Christie Cabinet Members Reinforce Administration's Initiative to Support Early Literacy by Participating in Annual "Read Across America" Events
|For Immediate Release||Contact: Justin Barra
|Date: March 7, 2012||609-292-1126|
Trenton, NJ – Promoting the importance of early literacy for all schoolchildren in New Jersey, Acting Education Commissioner Chris Cerf and members of the Christie Administration shared the joy of reading with students across the state as part of the national “Read Across America” initiative. The annual event marks the birthday of noted children’s author Theodor Seuss Geisel, known as Dr. Seuss.
- Corrections Commissioner Gary Lanigan read to students of the Mercer Elementary School in Trenton
- School Development Authority CEO Marc Larkins read to students at The Early Childhood School on Clinton Avenue in Newark
- Department of Education Acting Commissioner Chris Cerf talked about the importance of literacy and read to seventh-graders at the Bedminster Township Public School.
- Department of Banking and Insurance Acting Commissioner Ken Kobylowski read to the second grade class at Shrewsbury Borough School
- Department of Children and Families Commissioner Allison Blake read to students at PJ Hill Elementary School in Trenton
- Department of Education Chief of Staff Dave Hespe read to school children at the Bartle Elementary School in Highland Park.
- MVC Deputy Administrator Selika Gore read to students at Queens Academy Charter School in South Plainfield
- MVC Deputy Administrator Richard Mille read to children at International Charter School of Trenton, in Trenton
- BPU Commissioner Jeanne Fox will read to students at the Mount Zion CDC Preschool in New Brunswick
“Reading skills are essential for success both in later school years and in college and career, and it’s never too early to begin encouraging children to read,” Acting Commissioner Cerf said. “According to the National Center for Education Statistics, children who are read to at home enjoy a substantial advantage over children who are not. The more students read for fun on their own time, the higher their reading scores. We still have too many students in the state that are not able to read at 3rd grade level, which is an important milestone indicative of future success.”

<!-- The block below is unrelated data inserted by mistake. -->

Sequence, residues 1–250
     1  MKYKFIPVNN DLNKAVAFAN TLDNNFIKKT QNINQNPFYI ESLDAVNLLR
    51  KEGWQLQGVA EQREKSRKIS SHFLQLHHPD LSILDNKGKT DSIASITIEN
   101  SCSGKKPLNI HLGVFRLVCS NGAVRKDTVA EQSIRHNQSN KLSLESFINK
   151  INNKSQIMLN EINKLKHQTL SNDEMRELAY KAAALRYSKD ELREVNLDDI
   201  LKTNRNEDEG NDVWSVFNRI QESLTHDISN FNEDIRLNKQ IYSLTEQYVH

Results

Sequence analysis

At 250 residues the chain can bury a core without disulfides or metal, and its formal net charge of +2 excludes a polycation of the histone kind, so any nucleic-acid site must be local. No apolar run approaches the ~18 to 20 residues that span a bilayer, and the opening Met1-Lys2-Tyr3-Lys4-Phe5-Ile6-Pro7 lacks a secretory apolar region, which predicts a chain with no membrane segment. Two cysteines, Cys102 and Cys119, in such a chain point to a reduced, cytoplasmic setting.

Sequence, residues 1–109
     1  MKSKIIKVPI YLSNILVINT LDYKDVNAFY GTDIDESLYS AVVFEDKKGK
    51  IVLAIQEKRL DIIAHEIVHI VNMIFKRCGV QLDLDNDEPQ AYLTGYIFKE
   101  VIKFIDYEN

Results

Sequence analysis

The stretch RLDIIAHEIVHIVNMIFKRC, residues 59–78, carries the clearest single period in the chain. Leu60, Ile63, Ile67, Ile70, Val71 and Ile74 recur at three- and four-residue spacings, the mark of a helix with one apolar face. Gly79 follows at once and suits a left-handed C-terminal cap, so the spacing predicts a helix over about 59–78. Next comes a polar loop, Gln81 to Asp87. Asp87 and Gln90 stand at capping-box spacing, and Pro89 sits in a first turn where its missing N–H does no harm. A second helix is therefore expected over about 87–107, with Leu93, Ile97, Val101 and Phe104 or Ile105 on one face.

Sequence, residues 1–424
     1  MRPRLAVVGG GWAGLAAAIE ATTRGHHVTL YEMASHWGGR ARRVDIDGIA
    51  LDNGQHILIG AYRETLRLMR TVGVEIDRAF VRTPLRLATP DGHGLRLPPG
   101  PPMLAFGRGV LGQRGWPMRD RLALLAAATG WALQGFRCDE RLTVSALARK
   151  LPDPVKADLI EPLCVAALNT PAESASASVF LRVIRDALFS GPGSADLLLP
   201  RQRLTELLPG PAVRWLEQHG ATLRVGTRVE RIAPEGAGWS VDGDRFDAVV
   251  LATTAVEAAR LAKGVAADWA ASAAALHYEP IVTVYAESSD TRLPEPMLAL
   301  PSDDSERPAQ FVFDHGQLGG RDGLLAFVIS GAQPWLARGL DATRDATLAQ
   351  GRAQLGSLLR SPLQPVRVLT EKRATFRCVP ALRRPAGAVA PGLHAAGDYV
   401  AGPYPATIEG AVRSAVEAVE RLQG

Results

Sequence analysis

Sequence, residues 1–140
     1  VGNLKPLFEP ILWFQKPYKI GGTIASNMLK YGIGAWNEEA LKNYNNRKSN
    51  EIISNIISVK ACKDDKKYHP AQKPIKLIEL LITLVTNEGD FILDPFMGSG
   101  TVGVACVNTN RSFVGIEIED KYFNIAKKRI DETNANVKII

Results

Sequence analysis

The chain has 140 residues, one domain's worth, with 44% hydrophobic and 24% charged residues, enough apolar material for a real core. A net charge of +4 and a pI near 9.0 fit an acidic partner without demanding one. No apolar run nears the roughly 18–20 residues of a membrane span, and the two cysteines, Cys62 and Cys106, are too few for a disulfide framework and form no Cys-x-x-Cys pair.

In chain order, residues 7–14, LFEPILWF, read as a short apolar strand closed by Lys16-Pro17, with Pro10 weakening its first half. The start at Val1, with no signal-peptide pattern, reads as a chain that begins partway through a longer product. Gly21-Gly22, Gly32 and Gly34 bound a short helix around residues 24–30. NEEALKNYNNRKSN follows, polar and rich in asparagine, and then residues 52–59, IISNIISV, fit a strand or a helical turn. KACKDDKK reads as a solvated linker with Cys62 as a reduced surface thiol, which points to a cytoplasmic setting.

According to 2010-11 NJASK data, there are 37,000 students not reading at grade level in 3rd grade, equaling roughly 40% of students across the state. Of those, 43% are educated in schools that have a poverty rate below the state average, indicating that this is an issue for all demographics across the state.
“Reading to a child is a simple but enjoyable way for caregivers to take time out of their busy day to focus on family. Aside from the lifelong educational benefits that reading can produce for children, reading aloud is also a wonderfully nurturing activity that brings a caregiver and child closer together. This bonding experience not only fosters better communication and possibility for kids of all ages, but builds a stronger relationship that can last a lifetime. By reading together, we can help create some of the most wonderful and priceless memories for children,” said Department of Children and Families Commissioner Allison Blake.
The Department of Education has begun several initiatives to increase literacy across the state.
- Designing a voluntary model curriculum based on the Common Core State Standards that will help teachers and students focus on key literacy skills. Student Learning Objectives for the Common Core English Language Arts Standards will be ready for district adoption and use by September 2012.
- Creating voluntary model six-week unit assessments that will help teachers determine the extent to which children are progressing toward meeting the Common Core State Standards. Teachers will be able to use assessment data to adjust instruction for individual students. The English Language Arts assessments will be ready for schools in September 2012. The assessments will be developed with university, external and school district partners.
- Designing and implementing a kindergarten entry assessment that collects information about children’s early literacy skills (and other essential domains) in the first few weeks of kindergarten. Teachers will use the information about students’ early literacy skills status to support their emerging skills upon kindergarten entry. A kindergarten assessment steering committee will be releasing a Request for Information to begin a search for assessment options in March 2012.
- Designing and implementing benchmarks to measure students’ progress in reading along a trajectory based on grade level expectations. The NJ State Literacy team will be releasing a Request for Information to gather research designed to inform the setting of reading benchmarks. The RFI is due to be released in late March 2012.
Theodor Seuss Geisel was born on March 2, 1904, in Springfield Mass. He wrote over 60 books. Most books were published under his well-known pseudonym, Dr. Seuss. This year marks the fifteenth annual celebration of reading and Dr. Seuss's birthday.